I’m glad that Billy Donovan will still be donning orange and blue next season.
The orange will be a darker hue than the Florida orange — dark enough for the Oklahoma City Thunder media guide to brand it “red,” but don’t let that deceive your eyes — and the blue will be a lighter shade than the Florida blue, but the job he took is an incredible way to finally scratch that itch to coach in the NBA. In Oklahoma City and its dynamic duo of Kevin Durant and Russell Westbrook, Donovan inherited a championship contender that is poised to win now and down the line, assuming everyone stays healthy and re-signs with Oklahoma City. If the Thunder can capture that NBA title with Donovan at the helm, he will join Larry Brown as the only coach to win an NBA title and NCAA Championship.
Donovan is already an all-time legend, but that accomplishment would take him to a new stratosphere.
After all that Donovan has accomplished with the Gators, the only thing that’s disappointing about the departure is that his final year in Gainesville was the most down of down years. That’s something that can heal easily with time, though, especially with his record overall in the 19 years he spent with the Gators. The back-to-back national championships, the four Final Fours, the four consecutive Elite Eights between the 2010-11 and 2013-14 seasons, and the SEC’s first 18-0 regular season in 2013-14. All this and more accomplished alongside the Steve Spurrier/Urban Meyer behemoth of a Florida football program.
My personal frame of reference with Donovan at Florida is more limited compared to everyone else. My first exposure to the Billyball was a month after I was accepted into UF in 2007, when he coached the 04s of Joakim Noah, Al Horford, Corey Brewer, Taurean Green, and Lee Humphery in that second championship run through March Madness. Selfishly, I was glad Donovan turned his back on the Orlando Magic so I could see him coach in person. Although the team struggled in 2007 and 2008, I got to witness the process for myself of how he developed his players over time. The payoff came in the 2010-11 season, my senior year, when Chandler Parsons just took over the SEC and helped lead this band of Gators to the Elite Eight.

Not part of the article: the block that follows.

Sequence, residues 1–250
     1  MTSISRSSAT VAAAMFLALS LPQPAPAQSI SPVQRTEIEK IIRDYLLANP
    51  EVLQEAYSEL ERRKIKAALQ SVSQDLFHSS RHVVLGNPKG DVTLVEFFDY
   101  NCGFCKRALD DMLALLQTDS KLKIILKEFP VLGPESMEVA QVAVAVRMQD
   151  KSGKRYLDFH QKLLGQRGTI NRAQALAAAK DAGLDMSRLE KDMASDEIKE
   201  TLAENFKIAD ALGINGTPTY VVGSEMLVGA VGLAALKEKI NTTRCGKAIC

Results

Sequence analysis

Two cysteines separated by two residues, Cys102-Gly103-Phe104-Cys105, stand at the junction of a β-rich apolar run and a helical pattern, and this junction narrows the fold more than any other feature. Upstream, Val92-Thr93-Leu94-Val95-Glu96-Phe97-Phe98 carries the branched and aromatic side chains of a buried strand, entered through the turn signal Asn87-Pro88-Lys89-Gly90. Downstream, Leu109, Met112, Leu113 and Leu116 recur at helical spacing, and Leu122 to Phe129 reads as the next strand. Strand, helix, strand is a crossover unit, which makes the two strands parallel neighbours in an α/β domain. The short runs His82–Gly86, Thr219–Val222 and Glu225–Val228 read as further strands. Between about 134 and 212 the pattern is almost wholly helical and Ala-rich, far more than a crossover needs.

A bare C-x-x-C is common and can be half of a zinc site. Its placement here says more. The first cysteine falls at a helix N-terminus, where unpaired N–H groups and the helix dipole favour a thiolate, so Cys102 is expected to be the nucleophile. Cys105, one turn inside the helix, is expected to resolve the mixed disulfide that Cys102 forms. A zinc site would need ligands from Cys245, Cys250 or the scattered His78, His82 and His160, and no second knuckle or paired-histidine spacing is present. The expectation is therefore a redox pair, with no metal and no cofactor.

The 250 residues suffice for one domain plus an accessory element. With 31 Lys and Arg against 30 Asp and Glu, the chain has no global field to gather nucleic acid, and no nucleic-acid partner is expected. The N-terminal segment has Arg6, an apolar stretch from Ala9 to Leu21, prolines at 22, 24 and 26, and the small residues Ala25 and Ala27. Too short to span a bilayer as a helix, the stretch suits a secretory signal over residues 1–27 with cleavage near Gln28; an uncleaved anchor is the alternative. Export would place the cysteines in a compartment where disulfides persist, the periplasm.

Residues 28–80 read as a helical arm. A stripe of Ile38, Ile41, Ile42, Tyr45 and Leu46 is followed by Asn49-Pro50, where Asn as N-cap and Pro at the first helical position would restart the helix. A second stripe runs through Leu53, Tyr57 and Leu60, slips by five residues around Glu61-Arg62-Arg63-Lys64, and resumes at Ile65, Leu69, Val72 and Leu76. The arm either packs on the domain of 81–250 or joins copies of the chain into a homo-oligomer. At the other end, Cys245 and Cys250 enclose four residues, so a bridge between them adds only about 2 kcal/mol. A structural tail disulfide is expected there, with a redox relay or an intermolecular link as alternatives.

But the job that Donovan did with the Class of 2010 will make their senior season squad in 2013-14 one of my favorite sports teams ever. I got to watch Patric Young, Scottie Wilbekin, Will Yeguete, and Casey Prather at the O’Dome their first two years and they all looked like just good role players. In the two years after I graduated, he crafted that core four to be greater than the sum of its parts, and that work culminated with the Elite Eight appearance with Bradley Beal in 2013 and that wonderful Final Four run in 2014. There was no true star on the 2013-14 team, but those players embodied Donovan’s persistence and tenacity with the way their defense carried them to victories and the SEC record books.
The grittiness of that 2013-14 team is how I’ll choose to remember the Billy Donovan Era at the University of Florida. Donovan built and sustained the basketball program, and that 2013-14 team is as much of a shining example of his coaching and personal work ethic as his championship teams. (Another personal work ethic example: I used to often see him run the Pressly Stadium track in the morning when I lived in Springs and it was always a reminder to myself that if he could make the time go run, then so could I. It helped me my last couple years at UF.)
I doubt that the Chesapeake Energy Arena will be blaring U2’s Where the Streets Have No Name when Donovan coaches his first home game for the Thunder later this fall, but that song (playing alongside a lovely montage by the UAA Marketing team, of course) will be waiting for him at the O’Dome whenever he can return. More than 10,000 Gators in the stands and that hardwood floor at the O’Dome, hopefully with a moniker like “The Billy Donovan Court at the O’Connell Center” affixed to it, will also be there to greet Donovan when he’s ready.
I just hope is that when Donovan returns to Gainesville, he’ll bring back with a couple of orange and blue NBA championship rings to compliment the orange and blue NCAA ones he already has.